There are so many different eras throughout music history. Some of them ruled on an international level, others perhaps regionally in just the USA. Today’s featured artist helped define the hippie era in the late ‘60s and could be heard at any major festival during the time period.
Bob Hite had been trading blues records since being a teenager—his house in Topanga Canyon, California was a meeting place for people interested in music. In 1965 a group of blues fans at his home decided to form a jug band and start rehearsals. They would go through a ton of variations in their lineup, but in 1966 they found a producer to record their first unreleased album. They called themselves Canned Heat after a 1928 song “Canned Heat Blues” about a desperate alcoholic who turned to drinking Sterno—also called “canned heat” (the stuff you burn to keep food warm).
In 1967 they committed to a lineup and put out their first record. It was all remakes of classic blues standards. Their goal was not only to make music people enjoyed, but also to get people interested in the original artists. It reached #76 on the Billboard chart and got positive reviews in the Los Angeles Free Press.
Canned Heat (the entire band) was arrested for drugs in Colorado, then hit it big with their single “On The Road Again”—another cover. While those two things put them on the map, it wasn’t until November of 1968 until they’d really cement their legacy. Their third album Living The Blues was released, and would become one of the first double albums to actually sell well. Yet another cover, Henry Thomas’ “Bull-Doze Blues” was adapted into the song “Going Up The Country”—a single that would become no. 1 in twenty-five different countries around the world. It was a such a monster single; it was used as the unofficial theme song for the infamous Woodstock Festival the following year.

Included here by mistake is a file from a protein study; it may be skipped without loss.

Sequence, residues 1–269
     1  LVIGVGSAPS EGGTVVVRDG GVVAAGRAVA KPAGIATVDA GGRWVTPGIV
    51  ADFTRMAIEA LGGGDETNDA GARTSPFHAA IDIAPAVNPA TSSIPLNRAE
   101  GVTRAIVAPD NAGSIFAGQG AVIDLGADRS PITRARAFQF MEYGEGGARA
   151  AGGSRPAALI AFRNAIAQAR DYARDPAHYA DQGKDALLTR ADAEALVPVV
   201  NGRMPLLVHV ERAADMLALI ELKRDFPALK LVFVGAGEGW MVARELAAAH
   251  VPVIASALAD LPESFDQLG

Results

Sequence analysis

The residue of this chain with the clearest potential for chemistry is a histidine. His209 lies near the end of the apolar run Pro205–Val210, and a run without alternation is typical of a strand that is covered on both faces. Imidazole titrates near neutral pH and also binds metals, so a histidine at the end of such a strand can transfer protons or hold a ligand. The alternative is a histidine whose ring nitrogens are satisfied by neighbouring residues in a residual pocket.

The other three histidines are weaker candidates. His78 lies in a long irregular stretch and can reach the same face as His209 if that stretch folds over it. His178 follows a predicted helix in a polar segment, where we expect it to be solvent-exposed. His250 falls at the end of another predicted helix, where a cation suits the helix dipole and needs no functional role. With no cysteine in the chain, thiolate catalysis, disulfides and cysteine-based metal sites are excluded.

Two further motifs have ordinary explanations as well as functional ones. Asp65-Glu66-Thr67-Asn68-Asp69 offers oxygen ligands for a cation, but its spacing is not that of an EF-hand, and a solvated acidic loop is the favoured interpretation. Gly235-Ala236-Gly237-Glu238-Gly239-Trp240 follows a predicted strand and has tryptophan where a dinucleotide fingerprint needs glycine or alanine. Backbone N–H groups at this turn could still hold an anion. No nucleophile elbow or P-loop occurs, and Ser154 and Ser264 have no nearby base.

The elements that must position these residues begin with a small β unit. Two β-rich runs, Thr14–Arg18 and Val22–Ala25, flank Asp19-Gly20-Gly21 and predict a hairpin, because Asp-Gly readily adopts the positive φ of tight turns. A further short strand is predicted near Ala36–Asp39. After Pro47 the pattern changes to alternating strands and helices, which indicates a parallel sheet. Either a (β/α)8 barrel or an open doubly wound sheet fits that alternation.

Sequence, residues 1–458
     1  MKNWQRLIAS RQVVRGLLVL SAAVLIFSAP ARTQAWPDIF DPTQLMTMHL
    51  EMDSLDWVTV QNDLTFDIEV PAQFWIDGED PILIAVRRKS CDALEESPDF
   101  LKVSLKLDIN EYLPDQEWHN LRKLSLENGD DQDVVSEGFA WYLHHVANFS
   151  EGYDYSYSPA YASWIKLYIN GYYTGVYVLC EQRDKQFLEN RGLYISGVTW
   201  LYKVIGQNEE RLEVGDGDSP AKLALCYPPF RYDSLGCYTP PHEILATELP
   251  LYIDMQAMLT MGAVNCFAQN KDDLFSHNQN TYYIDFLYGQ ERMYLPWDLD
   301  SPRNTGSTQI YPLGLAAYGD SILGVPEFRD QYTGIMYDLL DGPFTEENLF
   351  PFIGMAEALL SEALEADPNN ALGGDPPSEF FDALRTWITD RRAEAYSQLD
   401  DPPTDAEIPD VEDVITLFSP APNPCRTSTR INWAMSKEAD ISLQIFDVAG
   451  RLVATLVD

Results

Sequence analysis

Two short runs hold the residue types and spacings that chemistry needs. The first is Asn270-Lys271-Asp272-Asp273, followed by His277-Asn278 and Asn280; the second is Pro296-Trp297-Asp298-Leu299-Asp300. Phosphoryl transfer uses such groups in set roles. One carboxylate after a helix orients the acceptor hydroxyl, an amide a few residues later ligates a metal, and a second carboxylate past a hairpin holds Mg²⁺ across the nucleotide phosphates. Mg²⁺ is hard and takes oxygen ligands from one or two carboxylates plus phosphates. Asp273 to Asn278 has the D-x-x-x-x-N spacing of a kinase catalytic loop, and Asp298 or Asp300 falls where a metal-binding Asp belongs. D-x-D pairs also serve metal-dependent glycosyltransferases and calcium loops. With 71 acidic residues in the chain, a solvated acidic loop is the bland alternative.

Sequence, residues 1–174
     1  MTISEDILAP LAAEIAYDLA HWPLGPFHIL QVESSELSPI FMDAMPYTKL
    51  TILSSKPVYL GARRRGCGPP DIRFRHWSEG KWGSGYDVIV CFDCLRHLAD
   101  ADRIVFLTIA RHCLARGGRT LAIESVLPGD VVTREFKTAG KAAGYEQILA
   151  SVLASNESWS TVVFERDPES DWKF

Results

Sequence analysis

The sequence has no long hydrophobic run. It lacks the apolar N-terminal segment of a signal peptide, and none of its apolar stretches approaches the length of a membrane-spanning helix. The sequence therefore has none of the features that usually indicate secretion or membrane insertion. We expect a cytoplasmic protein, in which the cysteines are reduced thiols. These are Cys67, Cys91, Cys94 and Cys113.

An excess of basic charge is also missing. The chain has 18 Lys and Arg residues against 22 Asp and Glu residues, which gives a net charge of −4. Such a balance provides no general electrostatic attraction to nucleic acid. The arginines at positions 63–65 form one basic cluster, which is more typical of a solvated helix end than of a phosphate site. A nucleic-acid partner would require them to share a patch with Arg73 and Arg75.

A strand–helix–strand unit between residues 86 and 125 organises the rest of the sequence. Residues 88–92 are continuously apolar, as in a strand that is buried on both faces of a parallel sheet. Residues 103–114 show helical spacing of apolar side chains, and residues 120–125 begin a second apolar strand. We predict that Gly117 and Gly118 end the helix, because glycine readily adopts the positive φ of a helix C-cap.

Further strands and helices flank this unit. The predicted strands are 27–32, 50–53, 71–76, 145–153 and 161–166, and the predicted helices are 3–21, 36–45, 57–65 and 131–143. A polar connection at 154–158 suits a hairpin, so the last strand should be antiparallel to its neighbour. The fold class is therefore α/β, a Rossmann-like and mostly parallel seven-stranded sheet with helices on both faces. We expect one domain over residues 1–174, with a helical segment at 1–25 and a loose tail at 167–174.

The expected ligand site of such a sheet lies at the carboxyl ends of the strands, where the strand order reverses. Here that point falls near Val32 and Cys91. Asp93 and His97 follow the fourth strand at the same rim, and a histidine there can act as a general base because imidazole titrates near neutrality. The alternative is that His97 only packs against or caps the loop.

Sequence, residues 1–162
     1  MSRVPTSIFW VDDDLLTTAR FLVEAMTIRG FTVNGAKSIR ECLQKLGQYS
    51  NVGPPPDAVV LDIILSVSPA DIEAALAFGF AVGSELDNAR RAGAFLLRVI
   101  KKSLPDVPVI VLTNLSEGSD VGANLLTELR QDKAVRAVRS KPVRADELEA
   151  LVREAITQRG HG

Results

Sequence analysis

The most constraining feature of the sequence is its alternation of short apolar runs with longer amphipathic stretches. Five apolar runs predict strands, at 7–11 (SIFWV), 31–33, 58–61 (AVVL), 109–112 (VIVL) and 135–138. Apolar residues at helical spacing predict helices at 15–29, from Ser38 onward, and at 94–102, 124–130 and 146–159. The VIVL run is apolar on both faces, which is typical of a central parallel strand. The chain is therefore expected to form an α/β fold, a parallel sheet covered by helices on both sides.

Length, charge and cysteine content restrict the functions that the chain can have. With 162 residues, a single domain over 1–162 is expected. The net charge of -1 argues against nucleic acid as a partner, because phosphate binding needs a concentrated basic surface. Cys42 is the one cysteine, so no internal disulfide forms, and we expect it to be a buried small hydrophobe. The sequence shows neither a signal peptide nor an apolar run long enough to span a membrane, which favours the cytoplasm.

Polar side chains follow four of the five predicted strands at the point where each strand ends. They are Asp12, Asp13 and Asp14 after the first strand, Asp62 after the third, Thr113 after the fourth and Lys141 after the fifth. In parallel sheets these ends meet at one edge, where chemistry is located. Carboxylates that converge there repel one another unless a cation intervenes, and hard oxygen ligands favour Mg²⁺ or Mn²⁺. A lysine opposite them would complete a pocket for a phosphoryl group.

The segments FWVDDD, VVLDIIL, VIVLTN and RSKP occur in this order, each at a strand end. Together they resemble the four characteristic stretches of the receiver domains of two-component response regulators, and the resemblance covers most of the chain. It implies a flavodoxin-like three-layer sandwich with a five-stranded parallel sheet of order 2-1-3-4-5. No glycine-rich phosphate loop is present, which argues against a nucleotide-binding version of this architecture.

Critically, many wanted to pan the record. Blues wasn’t exactly “in” at the time and one track (on side two) was nearly twenty minutes long. Most writers felt this album would never work, but when it cracked the top 20 on the charts, it’s almost as though they were forced to write a more neutral review. Some referred to it simply being the right album at the right time—inferring that the band almost got lucky with all the success they saw.
They arrived to Woodstock via helicopter, something that wasn’t common at the time or at the festival. They were certified rock stars at that point, and their performance was adored by fans. While the blues genre may not have been all the rage—psychedelic rock was—Canned Heat was almost that perfect blend between classic blues and the long, trippy rock music of say a band like The Doors.
Funny thing about recycling music from decades earlier, it’s new to most people, so it’s like the first versions never existed. That wasn’t the intention of the band, but it helped them sell a lot of albums and book some of the biggest gigs through the ‘60s and ‘70s. To help remedy that lack of awareness of the original songs and artists, they actually booked tour dates with some of the originating artists and performed all around the world. Guys like John Lee Hooker and Memphis Slim saw increased record sales after performing with and dropping singles featuring Canned Heat.
These guys may not have the notoriety of some of the larger bands of the era, but if you ask many that lived through the hippie era, Canned Heat helped define it. “Going Up The Country” was more than a song, it was an anthem for millions of people looking to make a statement with their way of life. That’s pretty neat. Happy Tuesday!
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